Considering a bike ride in the Boston area? Google Maps can help you pick a route.
Google unveiled the bicycling layer to its Google Maps feature at the National Bike Summit in Washington today, the company said in a news release.
When users select the bicycling option -- under the "More ... " link -- on a map of the Boston area, a web of green strings appears. The map uses color-coded lines to depict bike-only trails (dark green), roadside bike lanes (light green), and roads without bike lanes that are more suitable for biking, depending on terrain, traffic and intersections (dotted green), the company said.
If you click on the "Get Directions" link and select the biking option, it outlines the suggested route in blue.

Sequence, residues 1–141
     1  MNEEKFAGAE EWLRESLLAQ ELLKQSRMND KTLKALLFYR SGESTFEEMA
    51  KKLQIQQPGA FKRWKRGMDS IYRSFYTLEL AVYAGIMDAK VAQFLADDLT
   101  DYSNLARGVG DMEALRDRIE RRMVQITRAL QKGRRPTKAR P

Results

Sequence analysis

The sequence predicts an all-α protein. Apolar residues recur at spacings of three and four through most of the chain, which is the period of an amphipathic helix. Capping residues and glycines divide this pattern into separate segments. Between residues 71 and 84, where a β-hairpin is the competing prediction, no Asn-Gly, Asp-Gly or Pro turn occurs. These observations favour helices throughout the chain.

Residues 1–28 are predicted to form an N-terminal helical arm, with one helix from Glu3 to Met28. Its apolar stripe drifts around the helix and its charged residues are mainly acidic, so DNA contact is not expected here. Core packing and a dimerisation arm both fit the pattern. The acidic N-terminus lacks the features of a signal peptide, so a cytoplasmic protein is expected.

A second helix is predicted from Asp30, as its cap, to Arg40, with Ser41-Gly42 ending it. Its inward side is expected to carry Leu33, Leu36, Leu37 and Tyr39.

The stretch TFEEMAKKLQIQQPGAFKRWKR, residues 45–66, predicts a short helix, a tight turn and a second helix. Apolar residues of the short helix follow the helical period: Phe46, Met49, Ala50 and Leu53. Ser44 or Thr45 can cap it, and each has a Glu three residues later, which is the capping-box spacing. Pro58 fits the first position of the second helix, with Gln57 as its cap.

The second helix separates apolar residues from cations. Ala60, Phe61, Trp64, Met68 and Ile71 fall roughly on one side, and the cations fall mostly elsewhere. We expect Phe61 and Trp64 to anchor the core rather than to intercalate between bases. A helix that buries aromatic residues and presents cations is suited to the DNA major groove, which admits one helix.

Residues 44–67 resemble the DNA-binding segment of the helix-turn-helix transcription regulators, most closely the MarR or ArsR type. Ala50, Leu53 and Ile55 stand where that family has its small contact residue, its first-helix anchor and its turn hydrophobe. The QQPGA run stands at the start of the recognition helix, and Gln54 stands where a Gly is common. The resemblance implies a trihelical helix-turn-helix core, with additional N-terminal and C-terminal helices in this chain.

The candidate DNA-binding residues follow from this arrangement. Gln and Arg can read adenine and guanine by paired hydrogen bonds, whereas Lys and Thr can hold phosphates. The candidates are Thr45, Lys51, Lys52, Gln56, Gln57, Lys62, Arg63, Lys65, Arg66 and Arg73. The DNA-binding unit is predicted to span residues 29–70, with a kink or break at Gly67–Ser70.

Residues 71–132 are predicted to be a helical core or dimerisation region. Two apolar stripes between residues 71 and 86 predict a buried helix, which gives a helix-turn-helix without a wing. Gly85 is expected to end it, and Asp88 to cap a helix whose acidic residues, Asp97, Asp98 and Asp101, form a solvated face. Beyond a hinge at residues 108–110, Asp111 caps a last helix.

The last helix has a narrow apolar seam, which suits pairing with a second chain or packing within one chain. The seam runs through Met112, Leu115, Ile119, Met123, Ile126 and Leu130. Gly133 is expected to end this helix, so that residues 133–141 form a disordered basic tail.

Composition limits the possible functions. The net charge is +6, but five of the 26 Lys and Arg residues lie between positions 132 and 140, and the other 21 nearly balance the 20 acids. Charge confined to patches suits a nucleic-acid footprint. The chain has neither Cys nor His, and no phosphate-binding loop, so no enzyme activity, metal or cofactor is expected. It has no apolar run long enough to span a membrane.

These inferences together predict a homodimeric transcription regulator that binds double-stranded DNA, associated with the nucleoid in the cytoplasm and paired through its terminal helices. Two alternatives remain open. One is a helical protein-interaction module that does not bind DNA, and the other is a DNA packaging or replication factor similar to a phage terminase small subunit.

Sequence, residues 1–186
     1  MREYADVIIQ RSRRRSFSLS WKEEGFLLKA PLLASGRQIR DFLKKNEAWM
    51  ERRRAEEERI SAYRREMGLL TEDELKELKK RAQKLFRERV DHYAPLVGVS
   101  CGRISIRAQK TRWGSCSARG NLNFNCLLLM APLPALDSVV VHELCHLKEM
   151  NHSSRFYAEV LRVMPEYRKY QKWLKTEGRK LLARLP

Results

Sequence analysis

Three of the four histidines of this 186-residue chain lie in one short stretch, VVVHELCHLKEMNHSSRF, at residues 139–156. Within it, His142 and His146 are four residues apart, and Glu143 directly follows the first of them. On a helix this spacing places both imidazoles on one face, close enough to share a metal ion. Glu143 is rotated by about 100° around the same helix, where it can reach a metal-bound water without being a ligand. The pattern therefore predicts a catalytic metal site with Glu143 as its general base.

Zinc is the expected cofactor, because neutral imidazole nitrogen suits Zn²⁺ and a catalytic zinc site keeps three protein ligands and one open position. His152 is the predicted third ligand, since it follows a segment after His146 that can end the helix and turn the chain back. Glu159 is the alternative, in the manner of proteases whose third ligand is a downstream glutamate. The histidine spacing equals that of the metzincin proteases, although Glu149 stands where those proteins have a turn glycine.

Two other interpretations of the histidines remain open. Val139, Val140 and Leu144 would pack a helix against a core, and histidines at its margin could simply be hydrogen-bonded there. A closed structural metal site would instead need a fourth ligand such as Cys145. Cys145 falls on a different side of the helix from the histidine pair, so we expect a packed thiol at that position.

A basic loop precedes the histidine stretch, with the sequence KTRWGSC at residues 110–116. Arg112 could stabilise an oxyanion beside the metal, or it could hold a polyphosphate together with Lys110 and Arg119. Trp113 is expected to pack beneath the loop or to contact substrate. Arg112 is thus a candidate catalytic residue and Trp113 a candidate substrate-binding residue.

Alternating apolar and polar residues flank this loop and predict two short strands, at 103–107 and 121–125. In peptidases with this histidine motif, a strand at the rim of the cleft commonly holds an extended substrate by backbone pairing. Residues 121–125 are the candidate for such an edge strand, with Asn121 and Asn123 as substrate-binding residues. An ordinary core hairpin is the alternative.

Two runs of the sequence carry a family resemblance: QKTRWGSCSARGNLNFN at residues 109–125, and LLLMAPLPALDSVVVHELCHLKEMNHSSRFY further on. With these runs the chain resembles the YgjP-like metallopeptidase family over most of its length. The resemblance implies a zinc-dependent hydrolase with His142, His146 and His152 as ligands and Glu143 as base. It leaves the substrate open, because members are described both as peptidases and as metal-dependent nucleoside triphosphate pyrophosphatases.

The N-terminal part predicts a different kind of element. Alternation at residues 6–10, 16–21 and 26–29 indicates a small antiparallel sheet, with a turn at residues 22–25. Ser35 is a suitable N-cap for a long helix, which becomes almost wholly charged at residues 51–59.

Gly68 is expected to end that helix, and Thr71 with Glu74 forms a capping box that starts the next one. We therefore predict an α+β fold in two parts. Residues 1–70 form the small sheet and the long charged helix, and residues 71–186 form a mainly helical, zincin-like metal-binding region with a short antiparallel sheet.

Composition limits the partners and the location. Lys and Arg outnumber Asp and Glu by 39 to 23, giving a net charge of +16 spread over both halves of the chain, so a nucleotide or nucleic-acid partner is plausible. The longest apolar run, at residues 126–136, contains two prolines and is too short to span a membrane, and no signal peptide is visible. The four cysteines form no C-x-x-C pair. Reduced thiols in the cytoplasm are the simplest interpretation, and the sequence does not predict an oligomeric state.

Suggested routes steer clear of hilly terrain whenever possible. Route time estimates are calculated based on the route’s length, the terrain, fatigue over time, and more, the company said.
Shane Jordan, director of education and outreach for the Massachusetts Bicycle Coalition, said the new feature is an easy way to find routes.
“I was playing around with it this morning, and it’s pretty awesome,” Jordan said. “Tools like this make it easier for new riders. If you’ve been a rider for 50 years, you probably know the good routes. But it may be the first time you've ever wanted to ride [if you haven’t].”
Google teamed up with the Rails-to-Trails Conservancy, a non-profit that turns former rail lines into networks of trails, to map bike trails, the company said.
The feature is in beta test mode. The Web site asks that bicyclists use caution and report unmapped routes, streets that should not be used, or other problems.
Jordan has noticed some hiccups in the routes, such as routes down streets he does not believe are good for bike riding, but “literally anyone can go onto the Web site and work on it with them,” he said.
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